The New Jersey Department of Health has been working with The Center for Disease Control and Prevention (CDC), several other states, the U.S. Food and Drug Administration (FDA), and the U.S. Department of Agriculture's Food Safety and Inspection Service, in the investigation of a multistate outbreak of Shiga toxin-producing E. coli O157:H7 infections. Illnesses started on dates ranging from March 13, 2018 to April 6, 2018 with an age range of 10yrs. to 85 years, with a median age of 34 yrs. Seventy percent of ill people are female. Thirty-one ill people have been hospitalized, including five people who developed hemolytic uremic syndrome, a type of kidney failure. No deaths have been reported. Forty-one (95%) of 43 people interviewed reported consuming romaine lettuce in the week before their illness started. Most people reported eating a salad at a restaurant, and romaine lettuce was the only common ingredient identified among the salads eaten. The restaurants reported using bagged, chopped romaine lettuce to make salads. At this time, ill people are not reporting having eaten whole heads or hearts of romaine.
NJ has 7 cases associated with this outbreak with Illnesses onset dates ranging from March 15, 2018 to March 26, 2018, with an age range of 18yrs. to 84 years and a median age of 46 yrs. Eighty-five percent of ill people are female and six have been hospitalized, including one who developed hemolytic uremic syndrome. All six who were hospitalized have been discharged. All cases were interviewed and available exposures have been shared with CDC. The CDC web posting can be found at: https://www.cdc.gov/ecoli/2018/o157h7-04-18/index.html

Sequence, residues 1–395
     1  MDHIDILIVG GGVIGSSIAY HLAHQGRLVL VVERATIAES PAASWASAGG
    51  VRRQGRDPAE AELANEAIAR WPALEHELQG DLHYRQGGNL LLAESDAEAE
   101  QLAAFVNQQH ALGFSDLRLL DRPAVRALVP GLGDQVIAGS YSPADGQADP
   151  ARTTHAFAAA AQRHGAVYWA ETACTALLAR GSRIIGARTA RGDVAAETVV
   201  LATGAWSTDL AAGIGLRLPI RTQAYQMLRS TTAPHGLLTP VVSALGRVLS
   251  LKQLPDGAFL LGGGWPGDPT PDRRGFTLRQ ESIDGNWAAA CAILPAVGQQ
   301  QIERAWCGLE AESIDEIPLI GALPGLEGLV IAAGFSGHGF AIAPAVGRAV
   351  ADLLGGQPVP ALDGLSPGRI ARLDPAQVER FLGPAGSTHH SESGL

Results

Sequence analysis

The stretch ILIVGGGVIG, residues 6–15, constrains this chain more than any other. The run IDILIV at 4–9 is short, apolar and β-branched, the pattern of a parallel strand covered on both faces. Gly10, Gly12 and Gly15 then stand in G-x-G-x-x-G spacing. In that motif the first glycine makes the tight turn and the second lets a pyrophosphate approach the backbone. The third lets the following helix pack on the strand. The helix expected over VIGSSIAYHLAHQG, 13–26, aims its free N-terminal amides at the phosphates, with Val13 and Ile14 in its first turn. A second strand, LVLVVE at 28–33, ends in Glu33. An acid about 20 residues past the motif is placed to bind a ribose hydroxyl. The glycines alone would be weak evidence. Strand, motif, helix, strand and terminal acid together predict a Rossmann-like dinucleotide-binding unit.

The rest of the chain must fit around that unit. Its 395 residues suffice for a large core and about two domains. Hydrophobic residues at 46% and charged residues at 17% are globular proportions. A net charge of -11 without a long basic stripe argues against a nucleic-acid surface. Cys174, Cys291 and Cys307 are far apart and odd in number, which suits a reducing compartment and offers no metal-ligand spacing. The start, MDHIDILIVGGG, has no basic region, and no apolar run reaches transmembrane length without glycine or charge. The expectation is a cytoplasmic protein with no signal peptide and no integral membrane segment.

At this time, no common grower, supplier, distributor, or brand has been identified. However, information collected to date indicates that chopped romaine lettuce from the Yuma, Arizona growing region may have been contaminated with E. coli O157:H7 and could be the source of the outbreak. The FDA recommends that consumers ask restaurants and other food service establishments where their romaine lettuce originated, and retailers, restaurants, and other food service operators have been advised to not sell or serve any chopped romaine lettuce from the winter growing areas in Yuma, Arizona. Consumers are also advised to discard any chopped romaine lettuce that they may have in their homes.